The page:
Early this spring, we moved it to a pot on our deck. Roots are still cool but now the southern sunlight shines and we have been rewarded with amazing flowers.


The surest thing I know about time, is that I don’t know anything.

It expands, contracts and stretches wide, intra-dimensionally.

Joy makes my clocks run faster, sorrow makes them slow.

Children and dogs make time flash by.

My lost ones spin out into spaceblack infinity.

Playing in my garden, stops time in its tracks.

Contemplating my first year asparagus,

Shoots me into the future.





Clenched, hunched,
Jaws clamped tight,
Brow, twisted with bitter intent
Summon bits of strength against
The rolling flow

A treacly wave that threatens to
sweep you over that edge.
Not so far away,
You can see it, just there.

You struggle to stay strong,
Planting your feet, quivering
Exhausted thighs braced against
a wave filled with broken furniture,
Cars and homes and people,
Crashing past.

The horizon disappears,
That great divide between
what is and what is not,

Breathe faster, work harder
Suffocating more, there’s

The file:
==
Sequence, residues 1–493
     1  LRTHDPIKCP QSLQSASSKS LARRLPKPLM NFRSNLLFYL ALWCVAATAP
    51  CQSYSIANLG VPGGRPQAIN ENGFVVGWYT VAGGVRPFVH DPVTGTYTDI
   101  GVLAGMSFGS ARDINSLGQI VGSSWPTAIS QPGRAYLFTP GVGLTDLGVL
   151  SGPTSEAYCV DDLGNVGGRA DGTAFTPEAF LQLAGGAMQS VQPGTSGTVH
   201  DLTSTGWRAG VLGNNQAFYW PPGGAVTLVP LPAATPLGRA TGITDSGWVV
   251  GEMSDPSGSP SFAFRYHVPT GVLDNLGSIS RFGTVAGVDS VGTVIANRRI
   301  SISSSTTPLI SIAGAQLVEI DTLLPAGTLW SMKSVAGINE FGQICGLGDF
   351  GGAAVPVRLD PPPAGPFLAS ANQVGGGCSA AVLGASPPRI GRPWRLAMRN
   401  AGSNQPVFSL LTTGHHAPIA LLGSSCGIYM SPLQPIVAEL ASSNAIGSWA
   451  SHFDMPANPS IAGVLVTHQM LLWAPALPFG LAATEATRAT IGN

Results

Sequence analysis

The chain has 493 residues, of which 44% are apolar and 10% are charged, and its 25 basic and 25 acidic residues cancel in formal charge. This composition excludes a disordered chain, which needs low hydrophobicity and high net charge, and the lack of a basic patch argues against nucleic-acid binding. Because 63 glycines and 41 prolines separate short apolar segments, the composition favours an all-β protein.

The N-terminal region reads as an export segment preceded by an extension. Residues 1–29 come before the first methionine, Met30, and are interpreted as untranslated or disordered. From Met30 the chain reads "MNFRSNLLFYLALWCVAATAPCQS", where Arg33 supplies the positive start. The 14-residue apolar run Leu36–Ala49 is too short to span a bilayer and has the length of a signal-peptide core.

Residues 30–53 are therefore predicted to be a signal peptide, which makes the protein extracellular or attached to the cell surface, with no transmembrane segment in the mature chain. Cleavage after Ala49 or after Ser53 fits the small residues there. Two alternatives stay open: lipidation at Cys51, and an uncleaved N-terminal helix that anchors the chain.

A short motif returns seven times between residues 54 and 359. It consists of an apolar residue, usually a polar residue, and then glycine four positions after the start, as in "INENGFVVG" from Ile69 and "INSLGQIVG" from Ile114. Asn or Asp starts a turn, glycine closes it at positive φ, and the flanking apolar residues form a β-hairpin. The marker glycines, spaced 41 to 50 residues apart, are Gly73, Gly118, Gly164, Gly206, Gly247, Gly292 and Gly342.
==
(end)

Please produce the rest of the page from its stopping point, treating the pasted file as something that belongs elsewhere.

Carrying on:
always more and more.

The tide lifts you skyward,
picks you up and sets you down,
To where you can’t remember.

On the beach, exhausted.
Gritty sand beneath your cheek
Your skin thin and wrinkled
Breathing short and shallow
And still you fight
to push it back, 
as it laps your toes.

Let time be your steed,
A milk white mare
Get on, hold tight and ride. 

Her muscles bunch and stretch
Her forelegs reach and paw the miles
Hindquarters sink, deep into the earth

Your body floats,
your arms reach out, to
bury your face in her rough mane
and ride.

Your calves grip her sides and your feet try to meet
She leaps forward, you nearly slide off
Her silken rump,

She slows and you find your balance once again
And ride.

Her fine head tosses, eyes rolled back
She’s coursing ahead,
You laugh
And let your heart leap forward with her.     

Time is a steed,
A milk white mare,
Hold on tight
And ride.


Crufts. What an amazing experience. Four days watching beautiful and brilliant dogs of every variety, performing, playing or sometimes just being with their humans.

I filled every moment I could over the four days; admiring dogs in the show ring, exploring more about each breed at the wonderful “Discover Dogs” displays, watching dogs tear around agility courses, dance with their owners, sniff out contraband and take down criminals.

There were hundreds and hundreds of commercial booths, offering an unimaginable range of dog related goods and services. There were a few for cat lovers too. I succumbed to buying a few toys and a leash. Irresistible.

Crufts was vast, sprawling and deluxe. Well organized from start to finish; the show was frankly, flawless.

I highly recommend the Crufts Experience if you like dogs, even a tiny bit. There’s something for everyone, from the incredible Golden Retriever teams and Canine Good Neighbour routines, to the grand finale, Best in Show.